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What is Long COVID?

Long COVID is a wide range of new, returning, or ongoing health conditions people can experience four or more weeks after contracting COVID-19. People with COVID-19 get better within weeks of illness, but some people experience ongoing issues as a result of their infection. Long COVID symptoms vary from person to person and may be present for different lengths of time.

If you believe you or a loved one is suffering from Long COVID, please visit the AfterCare Resource Center to get connected to comprehensive support.

Who can get Long COVID?

Long COVID can happen to anyone who has had COVID-19, even if it was a mild or asymptomatic infection. Recent survey data estimates that 1 out of every 5 adults (around 20%) who had COVID-19 in the past will experience at least one symptom of Long COVID weeks and months after their initial diagnosis. Some of the most common symptoms include fatigue, difficulty thinking or concentrating (“brain fog”), chest pain, shortness of breath, muscle weakness, anxiety, or depression.

What causes Long COVID?

Many patient groups, clinicians, and researchers are working on studies to better understand the root cause of Long COVID and how to treat it. While they continue to look for answers, rehabilitative and therapeutic approaches can help alleviate symptoms for people with Long COVID.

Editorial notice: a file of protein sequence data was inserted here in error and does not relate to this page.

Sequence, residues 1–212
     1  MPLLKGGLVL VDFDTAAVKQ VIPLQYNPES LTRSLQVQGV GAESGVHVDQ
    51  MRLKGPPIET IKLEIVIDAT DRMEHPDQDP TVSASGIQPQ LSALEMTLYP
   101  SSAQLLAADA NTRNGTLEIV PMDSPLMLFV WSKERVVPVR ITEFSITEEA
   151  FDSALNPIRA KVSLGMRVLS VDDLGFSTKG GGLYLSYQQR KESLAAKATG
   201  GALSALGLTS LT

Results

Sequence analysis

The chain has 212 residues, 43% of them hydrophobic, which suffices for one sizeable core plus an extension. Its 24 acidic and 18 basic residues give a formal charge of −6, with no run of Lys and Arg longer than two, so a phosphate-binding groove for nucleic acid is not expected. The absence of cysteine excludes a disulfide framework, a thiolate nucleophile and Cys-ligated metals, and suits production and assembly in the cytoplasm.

How can Long COVID affect me?

In addition to its medical impact, Long COVID also has social and economic implications, particularly for populations already disproportionately burdened by health inequity. Fatigue and pain can affect mobility, concentrating at work is harder with brain fog, and anxiety and depression can alter one’s outlook on life. Recovery time varies between people. The Test & Treat Corps’ AfterCare program is here to support New Yorkers with Long COVID by connecting them with resources that meet their health and social needs.

What are possible symptoms?

People with Long COVID encounter a range of new or ongoing symptoms in the weeks or months after first contracting the COVID-19 virus. Individuals commonly report experiencing different combinations of the following symptoms:

  • Cough
  • Difficulty breathing or shortness of breath
  • Fever
  • Rash
  • Difficulty thinking or concentrating (sometimes referred to as “brain fog”)
  • Headaches
  • Changes in smell or taste
  • Tiredness or fatigue
  • Mood changes
  • Anxiety or depression
  • Chest or stomach pain
  • Changes in period cycles
  • Diarrhea
  • Joint or muscle pain
  • Pins-and-needles feeling
  • Symptoms that get worse after physical or mental activities
  • Sleep problems
  • Dizziness on standing (lightheadedness)
  • Fast-beating or pounding heart (also known as heart palpitations)

For more information on Long COVID and post-COVID conditions, please visit the CDC website.

What is the difference between COVID-19 and Long COVID?